Phosphorylation-independent dimer-dimer interactions by the enhancer-binding activator NtrC of Escherichia coli: A third function for the C-terminal domain

Xiaofeng F. Yang, Youngran Ji, Barbara L. Schneider, Larry Reitzer

Research output: Contribution to journalArticle

14 Scopus citations

Abstract

The response regulator NtrC transcriptionally activates genes of the nitrogen-regulated (Ntr) response. Phosphorylation of its N-terminal receiver domain stimulates an essential oligomerization of the central domain. Deletion of the central domain reduces, but does not eliminate, intermolecular interactions as assessed by cooperative binding to DNA. To analyze the structural determinants and function of this central domain-independent as well as phosphorylation-independent oligomerization, we randomly mutagenized DNA coding for an NtrC without its central domain and isolated strains containing NtrC with defective phosphorylation-independent cooperative binding. The alterations were primarily localized to helix B of the C-terminal domain. Site-specific mutagenesis that altered surface residues of helix B confirmed this localization. The purified NtrC variants, with or without the central domain, were specifically defective in phosphorylation-independent cooperative DNA binding and had little defect, if any, on other functions, such as non-cooperative DNA binding. We propose that this region forms an oligomerization interface. Full-length NtrC variants did not efficiently repress the glnA-ntrBC operon when NtrC was not phosphorylated, which suggests that phosphorylation-independent cooperative binding sets the basal level for glutamine synthetase and the regulators of the Ntr response. The NtrC variants in these cells generally, but not always, supported wild-type growth in nitrogen-limited media and wild-type activation of a variety of Ntr genes. We discuss the differences and similarities between the NtrC C-terminal domain and the homologous Fis, which is also capable of intermolecular interactions.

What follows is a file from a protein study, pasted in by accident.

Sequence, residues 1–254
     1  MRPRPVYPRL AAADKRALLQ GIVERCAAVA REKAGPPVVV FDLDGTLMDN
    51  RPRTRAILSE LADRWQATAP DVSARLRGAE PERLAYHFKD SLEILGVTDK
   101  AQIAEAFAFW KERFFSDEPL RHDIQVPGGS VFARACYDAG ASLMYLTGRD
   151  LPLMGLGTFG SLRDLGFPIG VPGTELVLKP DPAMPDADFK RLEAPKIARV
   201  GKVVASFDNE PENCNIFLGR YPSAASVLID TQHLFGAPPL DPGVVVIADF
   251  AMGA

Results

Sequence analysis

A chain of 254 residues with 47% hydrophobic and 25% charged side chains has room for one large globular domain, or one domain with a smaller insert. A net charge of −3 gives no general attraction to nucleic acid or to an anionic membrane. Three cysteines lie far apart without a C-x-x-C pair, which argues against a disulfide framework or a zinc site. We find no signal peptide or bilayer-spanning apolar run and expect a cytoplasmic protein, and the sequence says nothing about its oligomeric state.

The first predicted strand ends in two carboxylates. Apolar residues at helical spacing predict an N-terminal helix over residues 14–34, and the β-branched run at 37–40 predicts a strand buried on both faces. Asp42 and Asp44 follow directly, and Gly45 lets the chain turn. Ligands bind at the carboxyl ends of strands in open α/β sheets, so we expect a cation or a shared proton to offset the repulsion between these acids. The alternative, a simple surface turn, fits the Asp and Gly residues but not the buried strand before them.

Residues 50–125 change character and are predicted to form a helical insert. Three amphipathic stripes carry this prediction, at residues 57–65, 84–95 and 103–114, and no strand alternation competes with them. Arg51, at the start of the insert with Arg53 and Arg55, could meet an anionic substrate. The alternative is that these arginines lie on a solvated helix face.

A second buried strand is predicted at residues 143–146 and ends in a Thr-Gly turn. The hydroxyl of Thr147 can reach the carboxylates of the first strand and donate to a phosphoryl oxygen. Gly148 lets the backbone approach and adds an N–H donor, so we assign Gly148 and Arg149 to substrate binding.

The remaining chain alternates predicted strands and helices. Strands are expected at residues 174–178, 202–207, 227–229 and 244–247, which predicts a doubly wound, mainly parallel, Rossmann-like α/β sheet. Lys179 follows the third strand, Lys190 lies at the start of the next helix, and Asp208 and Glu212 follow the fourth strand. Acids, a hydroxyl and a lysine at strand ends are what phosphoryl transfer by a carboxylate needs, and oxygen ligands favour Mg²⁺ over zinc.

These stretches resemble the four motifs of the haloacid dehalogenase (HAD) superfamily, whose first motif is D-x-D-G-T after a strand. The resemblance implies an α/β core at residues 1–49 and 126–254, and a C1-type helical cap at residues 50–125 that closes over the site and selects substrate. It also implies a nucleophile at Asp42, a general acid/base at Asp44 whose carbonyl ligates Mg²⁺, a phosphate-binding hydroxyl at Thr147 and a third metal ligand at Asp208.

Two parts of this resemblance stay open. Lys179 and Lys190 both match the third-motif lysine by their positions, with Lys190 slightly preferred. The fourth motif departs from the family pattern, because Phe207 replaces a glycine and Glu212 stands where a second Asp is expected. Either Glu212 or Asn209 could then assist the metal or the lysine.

Original languageEnglish (US)
Pages (from-to)36708-36714
Number of pages7
JournalJournal of Biological Chemistry
Volume279
Issue number35
DOIs
StatePublished - Aug 27 2004

ASJC Scopus subject areas

  • Biochemistry
  • Molecular Biology
  • Cell Biology

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